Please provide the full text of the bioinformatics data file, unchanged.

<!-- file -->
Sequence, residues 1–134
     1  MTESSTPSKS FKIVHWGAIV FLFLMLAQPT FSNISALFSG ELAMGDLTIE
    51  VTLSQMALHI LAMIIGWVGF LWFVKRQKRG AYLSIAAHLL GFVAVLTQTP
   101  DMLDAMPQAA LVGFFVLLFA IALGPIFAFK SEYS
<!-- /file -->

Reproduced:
Sequence, residues 1–134
     1  MTESSTPSKS FKIVHWGAIV FLFLMLAQPT FSNISALFSG ELAMGDLTIE
    51  VTLSQMALHI LAMIIGWVGF LWFVKRQKRG AYLSIAAHLL GFVAVLTQTP
   101  DMLDAMPQAA LVGFFVLLFA IALGPIFAFK SEYS